Scott Benjamin photo

Everyone seems to want to be considered the underdog in the U.S. Senate race, but if early polling data is any indication, state Rep. William Tong, currently holds that title with just one percent of the vote.

But he’s not giving up.

“I think I have a much stronger command of the economic issues than my two competitors,” Tong said, contrasting his experience with that of his Democratic opponents, U.S. Rep. Chris Murphy and former Secretary of the State Susan Bysiewicz of Middletown.
“The difference between me and Chris and Susan is that I’ve had to fight for most things in my life,” he said at Sunday’s Ridgefield Democratic Chowder Fest.

However, Tong, who had Barack Obama as a professor for a Constitutional Law class at the University of Chicago, faces huge obstacles, since the U.S. Senate isn’t considered to be the next step up the ladder for a third term state representative and he lags well behind his two opponents in the polls and fundraising.

“When William told me he was running, I said to him, ‘Who am I to say that you shouldn’t swing for the fences,’ ” U.S. Rep. Jim Himes said.

“He’s done a lot of good stuff,” he said. “It’s obvious to everybody that he has one heck of a hill to climb, but he’s a hard worker and a committed guy.”

Zach Dendas, who was a field coordinator on Himes’ re-election campaign last year in the Fourth District, said Murphy’s Washington experience is an advantage in the race for the seat currently held by U.S. Sen.  Joseph Lieberman.

A Quinnipiac University poll last month shows Murphy with 36 percent of the votes among likely voters in a Democratic primary, Bysiewicz at 26 percent and Tong with just 1 percent.

Tong, who formally entered the race in May, hauled in an impressive $560,000 in just 53 days during the quarter that ended in June.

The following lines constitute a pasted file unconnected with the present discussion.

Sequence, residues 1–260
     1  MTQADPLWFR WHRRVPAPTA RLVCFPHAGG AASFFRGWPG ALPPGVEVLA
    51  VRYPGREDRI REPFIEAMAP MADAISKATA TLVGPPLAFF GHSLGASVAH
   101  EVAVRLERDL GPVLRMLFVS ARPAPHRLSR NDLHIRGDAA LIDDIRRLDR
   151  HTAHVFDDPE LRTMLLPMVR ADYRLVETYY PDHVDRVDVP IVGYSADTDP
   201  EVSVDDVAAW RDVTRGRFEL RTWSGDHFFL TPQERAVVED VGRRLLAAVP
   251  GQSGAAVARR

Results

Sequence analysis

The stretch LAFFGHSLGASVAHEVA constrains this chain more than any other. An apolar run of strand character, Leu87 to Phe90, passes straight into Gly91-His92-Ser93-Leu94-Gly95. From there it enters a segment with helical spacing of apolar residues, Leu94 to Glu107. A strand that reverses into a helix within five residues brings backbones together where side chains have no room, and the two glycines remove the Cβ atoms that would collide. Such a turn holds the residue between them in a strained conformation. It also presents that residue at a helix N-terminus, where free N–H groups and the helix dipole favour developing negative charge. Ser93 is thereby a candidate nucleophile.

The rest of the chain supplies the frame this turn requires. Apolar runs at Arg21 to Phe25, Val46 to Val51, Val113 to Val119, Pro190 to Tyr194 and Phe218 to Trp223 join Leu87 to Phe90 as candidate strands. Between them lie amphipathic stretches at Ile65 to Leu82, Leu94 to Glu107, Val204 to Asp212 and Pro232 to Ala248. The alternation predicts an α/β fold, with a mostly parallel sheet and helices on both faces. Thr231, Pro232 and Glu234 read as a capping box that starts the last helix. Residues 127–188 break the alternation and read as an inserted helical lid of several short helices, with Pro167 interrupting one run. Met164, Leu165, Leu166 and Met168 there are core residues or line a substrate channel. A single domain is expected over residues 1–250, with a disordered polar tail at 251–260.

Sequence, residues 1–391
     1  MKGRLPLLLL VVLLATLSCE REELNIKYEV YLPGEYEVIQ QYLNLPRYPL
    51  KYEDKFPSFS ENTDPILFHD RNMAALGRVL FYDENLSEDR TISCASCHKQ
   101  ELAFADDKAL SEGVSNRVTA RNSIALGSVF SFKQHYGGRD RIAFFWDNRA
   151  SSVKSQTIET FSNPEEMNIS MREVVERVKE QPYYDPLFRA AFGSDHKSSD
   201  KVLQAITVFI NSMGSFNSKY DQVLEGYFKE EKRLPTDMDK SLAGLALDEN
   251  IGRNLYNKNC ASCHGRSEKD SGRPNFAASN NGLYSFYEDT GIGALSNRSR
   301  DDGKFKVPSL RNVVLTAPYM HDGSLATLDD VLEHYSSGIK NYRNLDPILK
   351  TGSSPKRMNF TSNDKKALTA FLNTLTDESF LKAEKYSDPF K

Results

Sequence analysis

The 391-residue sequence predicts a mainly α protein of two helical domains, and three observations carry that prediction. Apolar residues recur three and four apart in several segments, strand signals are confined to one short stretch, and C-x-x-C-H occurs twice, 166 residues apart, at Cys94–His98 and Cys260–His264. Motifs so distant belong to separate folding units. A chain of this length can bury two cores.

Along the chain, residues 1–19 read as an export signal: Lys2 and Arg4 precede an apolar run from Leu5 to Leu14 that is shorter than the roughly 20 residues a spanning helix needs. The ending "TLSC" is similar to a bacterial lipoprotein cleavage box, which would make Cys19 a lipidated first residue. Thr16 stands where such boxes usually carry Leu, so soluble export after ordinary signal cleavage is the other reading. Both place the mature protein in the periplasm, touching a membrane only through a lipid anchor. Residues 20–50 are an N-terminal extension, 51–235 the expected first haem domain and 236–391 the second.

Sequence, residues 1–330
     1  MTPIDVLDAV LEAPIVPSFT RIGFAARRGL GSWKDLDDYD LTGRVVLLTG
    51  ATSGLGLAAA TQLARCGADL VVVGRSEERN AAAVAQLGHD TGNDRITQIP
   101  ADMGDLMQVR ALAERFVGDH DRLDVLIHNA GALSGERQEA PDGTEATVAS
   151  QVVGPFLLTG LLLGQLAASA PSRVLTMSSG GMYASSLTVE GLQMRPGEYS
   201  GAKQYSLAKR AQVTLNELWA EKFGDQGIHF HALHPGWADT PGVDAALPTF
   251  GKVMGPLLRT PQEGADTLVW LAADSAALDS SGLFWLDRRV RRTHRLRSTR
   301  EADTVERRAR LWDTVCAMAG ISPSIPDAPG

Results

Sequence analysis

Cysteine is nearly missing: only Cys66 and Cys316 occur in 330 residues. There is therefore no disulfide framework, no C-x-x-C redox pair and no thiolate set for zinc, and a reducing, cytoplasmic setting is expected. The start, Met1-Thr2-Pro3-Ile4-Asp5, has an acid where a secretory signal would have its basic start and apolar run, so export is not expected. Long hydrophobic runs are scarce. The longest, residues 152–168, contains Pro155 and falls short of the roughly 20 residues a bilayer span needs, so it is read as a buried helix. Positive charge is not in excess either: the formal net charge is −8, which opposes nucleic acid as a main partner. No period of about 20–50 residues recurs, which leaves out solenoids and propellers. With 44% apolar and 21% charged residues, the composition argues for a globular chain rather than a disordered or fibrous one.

However, through the most recent reporting period, Murphy raised almost $2.66 million, Bysiewicz raised $1.25 million and Tong, who collected just $155,000 for the quarter that ended last month, raised a total of $715,560.

“By most people’s estimation, it was the toughest fundraising quarter in history,” Tong said. “It’s a lousy economy out there and people have an unprecedented level of disillusionment with their government. Congress has a 12 percent approval rating. In the past, people might be upset with Congress but still have a favorable opinion of their individual congressman, but that that gap has narrowed considerably.”

Tong said even Murphy’s numbers were off.

“You look at Chris Murphy’s [fundraising] numbers and he’s off by 34 percent for the last quarter,” he said. “Susan is off quite a bit, and I’m off. That’s true across the country.”

Scott Benjamin photo

Tong is still proud of his first fundraising push.

“I surprised a lot of people by raising $560,000 in half a quarter,” Tong said. “Nobody thought I could do that. Nobody thought that I could raise money at the same daily rate as Chris Murphy. Nobody thought when I announced that I would have raised almost three-quarters of a million dollars by this time.”

Tong, who has been traveling across the state since this spring, said Connecticut has a diverse economy.

“Tolland is a very different place than Ridgefield,” he said “There are a lot of local economies. You have, for example, the casino economy in Montville and Ledyard and then you have financial services in lower Fairfield County. “

Ridgefield Democratic Town Committee Chairman Susan Cocco said she believes that Linda McMahon of Greenwich, the former CEO of World Wrestling Entertainment, is the favorite to win the Republican nomination.

She said she doesn’t think that former U.S. Rep. Chris Shays of Bridgeport will be able to compete with McMahon, who spent $50 million on her campaign last year.

“I think he’s been out of the state for too long,” Cocco said, referring to Shays’ decision to leave Connecticut and take a job in Washington D.C. after his loss to Himes in 2008.

Attorney Brian K. Hill of Windsor and Vernon Mayor Jason McCoy also are seeking the GOP nod.

McMahon lost by 12 points last year to U.S. Sen. Richard Blumenthal of Greenwich. She had captured the Republican nomination in a primary against former U.S. Rep. Rob Simmons of Stonington and Peter Schiff of Weston, the CEO of Euro-Pacific Capital.

The Democrats avoided a potential primary after businessman Merrick Alpert of Mystic, who served as an aide to former Vice President Al Gore, withdrew his name from consideration just before the convention and endorsed Blumenthal.

Himes said the Democrats could benefit from a primary next summer.

“I’m a believer that they can be healthy things, particularly in a statewide race where none of the candidates are well known,” he said.

Tong agrees.

“It helps sharpen the candidate that will take our party to the general election,” Tong said. “A robust primary gets you out in the media.”